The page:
When the heat of the water became too much, I stood up, nodded to the comb-over, and went outside to the garden where the smaller outdoors pool, known as rotemburo, was located. The rain was falling steadily now and the large drops cooled down my overheated body nonetheless startling me as they hit me with a splash. A mominoki with bright red leafs stood a few yards away, vivid against the grey sky. The river that I had expected to be there ran nearby beyond the slope behind the garden, the sound of its water flowing over the rocks clearly audible to the rotemburo. A low wooden wall separated the women’s bathing area from ours. The sounds of their chattering and laughter mingled with the trickling sounds of the river. Three men who looked like countryside yakuza gangsters with rather large beer bellies were lounging in the tub, laughing and exchanging stories from horse races in the city of Morioka.
Having let the rain cool my body to the point that I started shivering, I went back into the bathhouse and decided to enter the Finnish sauna. I took note in passing that it was actually manufactured by a company from Finland. It appeared genuine enough, with wooden walls and benches and heated rocks in the corner, except for the TV set that had been installed behind a glass for the entertainment of the bathers. A program showing the fate of a tuna from the time it was caught by a trawler, to the fish market and, partially, to the fisherman’s dinner table (the fisherman who had caught the fish chose to keep the eyes, which he considered a special treat for himself), was on, with its typical details of cooking and people exclaiming how delicious it all looked: Eeh! Oishii! One could never open the TV in Japan without seeing a food program at least on some channel.
After a dip in the cold-water pool I returned to our room. Yoko’s father was back there already. He had bought cans of Asahi Super Dry beer and offered one to me in his typically incommunicative manner, just handing one over to me. After the baths, it tasted heavenly. The TV was on in the room, too. It seemed that the TV would always be on. Yoko’s father was watching a marathon race, another of the perennial favorites on Japanese television. How many marathons do they run in Japan every year, anyway?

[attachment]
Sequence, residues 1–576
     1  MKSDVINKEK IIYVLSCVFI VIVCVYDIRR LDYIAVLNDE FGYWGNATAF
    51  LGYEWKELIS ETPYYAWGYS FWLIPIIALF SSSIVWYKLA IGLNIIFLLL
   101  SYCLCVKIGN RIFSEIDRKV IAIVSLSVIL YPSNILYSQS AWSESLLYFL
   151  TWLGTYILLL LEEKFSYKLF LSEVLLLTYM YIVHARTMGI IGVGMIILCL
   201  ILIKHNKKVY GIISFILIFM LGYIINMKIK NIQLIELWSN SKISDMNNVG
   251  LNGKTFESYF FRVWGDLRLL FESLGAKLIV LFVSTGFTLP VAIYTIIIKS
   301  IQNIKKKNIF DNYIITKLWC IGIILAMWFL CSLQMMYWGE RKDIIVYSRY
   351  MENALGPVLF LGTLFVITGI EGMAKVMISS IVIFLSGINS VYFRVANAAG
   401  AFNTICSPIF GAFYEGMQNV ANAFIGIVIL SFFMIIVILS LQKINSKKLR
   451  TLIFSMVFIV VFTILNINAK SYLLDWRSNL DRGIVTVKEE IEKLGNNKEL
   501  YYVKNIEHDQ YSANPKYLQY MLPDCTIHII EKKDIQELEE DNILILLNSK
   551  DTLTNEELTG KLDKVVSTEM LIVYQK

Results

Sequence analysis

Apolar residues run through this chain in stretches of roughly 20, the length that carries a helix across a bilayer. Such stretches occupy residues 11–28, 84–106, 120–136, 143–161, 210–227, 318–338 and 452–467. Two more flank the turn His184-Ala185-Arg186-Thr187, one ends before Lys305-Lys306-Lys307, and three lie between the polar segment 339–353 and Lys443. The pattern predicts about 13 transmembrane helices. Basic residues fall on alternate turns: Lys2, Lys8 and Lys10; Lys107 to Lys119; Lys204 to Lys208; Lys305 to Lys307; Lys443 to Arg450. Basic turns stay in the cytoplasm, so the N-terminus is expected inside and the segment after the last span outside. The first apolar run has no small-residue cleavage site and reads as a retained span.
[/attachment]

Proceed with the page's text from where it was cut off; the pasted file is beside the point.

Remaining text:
Soon the women arrived and food was ordered from the kitchen by telephone. I settled for hot ramen noodles with roasted pork slices and bamboo shoots. It was tough to eat at first because the broth was so hot that it burned the tongue. First the outside, now the inside was getting scalded, I thought. The bath, beer and food made everyone sleepy and soon the four of us were sprawled over the tatami mats fast asleep. Yoko’s head was touching mine and I felt a wave of warmth go through my body.
The second time around, the bath was even more enjoyable. My body was cold after sleeping on the floor without covers. But entering the rotemburo was ever so much more difficult as the temperature difference between the chilled body and steaming water was bigger. Entering slowly, I thought that my feet would be boiled. But once I was in the tub my body temperature adjusted and I could feel the heat seeping through my deepest buried organs. It couldn’t feel more relaxing.
This time there were many more children. Apparently, having done their hair and make-up, most women had decided against a second round of baths and, thus, the children followed their fathers to the baths. A little girl of about three or four entered the bath with her father. She was amazingly pretty with big dark eyes and a small nose in an expressive face. Her black hair was held up with elastic ribbons that had small red butterflies attached to them.
The rain had stopped and the air was distinctly cooler now. A wind had picked up and it brought with it the sound of the river racing down from the mountains towards the distant sea. The day was quickly fading away. Dragonflies were still cruising the air in their odd fashion, hovering in one spot, then suddenly spurting to the next, only to continue hovering there. The mountains had come into view at a distance when cracks appeared in the cloud cover and the last rays of sun lit them up in shades of grey. A string of small lights glimmered on the small pine tree in the garden.
[Published also on www.bootsnall.com/articles/06-03/sakura-no-yu-mizusawa-iwate-japan.html on March 8, 2006.]